The first letter to arrive was from Lester’s commanding officer, 1st Lieutenant Thomas J. Quirk. Addressed to Lester’s mother and dated June 19, 1918, Quirk opened the letter by expressing his deep regret at her son’s passing. He further reported that, “During the time he has been a member of this organization he has proved himself a good soldier, willing to do his duty at all times, and while we can only offer our sympathy in your bereavement you may well be proud that you had a son who did not flinch when the time came to make the supreme sacrifice in this great struggle.” Citing censorship regulations, he declined to provide details surrounding the circumstances of Lester’s death, and concluded the letter by quoting the somewhat cold and clinical surgeon’s report: “Died in this hospital May 25, 1918 of septicemia, following gunshots wounds, in line of duty, not the result of his own misconduct.”

The next missive was sent by the Reverend Sherrard Billings, chaplain of Evacuation Hospital Number One. Chaplain Billings reported to Mrs. Chase that, “He came into hospital gravely wounded, and suffering, too, from shell shock. At one time he seemed better, and gave some hope of recovery, but his wounds were too severe for his strength. He was patient and good, and everything possible was done for him. I am very sorry for you but he was a brave boy, and died gallantly in a brave cause.” In contrast to the harsh closing of Lieutenant Quirk’s letter, Reverend Billings wrote, “I read the beautiful Episcopal service over him and we laid him to rest among his comrades in the attractive little American cemetery near the hospital. I pray the Lord will comfort you. Some day you will meet him again.”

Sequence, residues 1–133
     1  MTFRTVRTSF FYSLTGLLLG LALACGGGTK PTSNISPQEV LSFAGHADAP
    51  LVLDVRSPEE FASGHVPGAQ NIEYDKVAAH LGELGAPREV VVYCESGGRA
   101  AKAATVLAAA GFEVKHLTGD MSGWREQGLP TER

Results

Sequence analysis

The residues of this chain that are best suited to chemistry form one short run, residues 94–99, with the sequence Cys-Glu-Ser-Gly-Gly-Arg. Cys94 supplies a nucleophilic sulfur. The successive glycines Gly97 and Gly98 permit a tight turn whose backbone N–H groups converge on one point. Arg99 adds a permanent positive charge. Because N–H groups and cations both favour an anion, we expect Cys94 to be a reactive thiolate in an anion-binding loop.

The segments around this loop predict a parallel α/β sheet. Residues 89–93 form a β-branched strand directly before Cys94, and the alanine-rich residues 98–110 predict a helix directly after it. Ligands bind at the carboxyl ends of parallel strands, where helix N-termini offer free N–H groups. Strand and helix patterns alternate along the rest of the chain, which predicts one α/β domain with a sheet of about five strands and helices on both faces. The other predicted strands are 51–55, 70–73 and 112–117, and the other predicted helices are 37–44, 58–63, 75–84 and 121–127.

Mary Gertrude Brownell of the Home Communication Service, American Red Cross, sent the last and most revealing letter to Mrs. Chase. “I want to write too”, she began, “to tell you how much we all admired your son for his bravery and cheerfulness while he was here. As you have probably heard, on May 10th, while on a raiding party, he was wounded very badly in his legs, face and arms, by the explosion of a hand grenade thrown by the enemy.” As we have seen above however, neither Lieutenant Quirk or Chaplain Billings revealed the circumstances of Lester’s death to Mrs. Chase.

Brownell continued by writing, “He was brought straight to this hospital, where he made a brave fight for his life. The doctors and nurses took the greatest interest in him, and gave him every care, but despite everything that they did for him he died on May 25th, very early in the morning. I am glad to say that I was in his ward on the afternoon before he died, passing some cigarettes around to the boys. I offered him one, and much to my surprise because he was so weak, I lighted it for him, and he smoked it all with apparently the greatest enjoyment. On other days when I had gone in to see him, he seemed pleased to have the magazines that I brought him from time to time. Whenever I asked him how he was, he always said that he was feeling better; it was indeed remarkable how he never complained, and was always hopeful and cheerful. He was buried in our hospital cemetery with all the military honors, and if ever a soldier deserved them he did. The Red Cross will, before long send you a photograph of your son’s grave, which we hope will be of some small comfort to you.” She concludes by offering her deepest sympathy to Mrs. Chase and repeats how all admired her son during his stay in the hospital.